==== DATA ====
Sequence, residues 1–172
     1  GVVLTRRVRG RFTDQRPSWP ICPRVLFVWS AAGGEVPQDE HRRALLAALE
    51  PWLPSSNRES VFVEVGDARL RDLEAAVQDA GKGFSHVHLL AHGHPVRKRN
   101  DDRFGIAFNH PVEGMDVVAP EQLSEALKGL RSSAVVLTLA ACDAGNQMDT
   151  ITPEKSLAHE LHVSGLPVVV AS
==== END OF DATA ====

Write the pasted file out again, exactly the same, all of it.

Sequence, residues 1–172
     1  GVVLTRRVRG RFTDQRPSWP ICPRVLFVWS AAGGEVPQDE HRRALLAALE
    51  PWLPSSNRES VFVEVGDARL RDLEAAVQDA GKGFSHVHLL AHGHPVRKRN
   101  DDRFGIAFNH PVEGMDVVAP EQLSEALKGL RSSAVVLTLA ACDAGNQMDT
   151  ITPEKSLAHE LHVSGLPVVV AS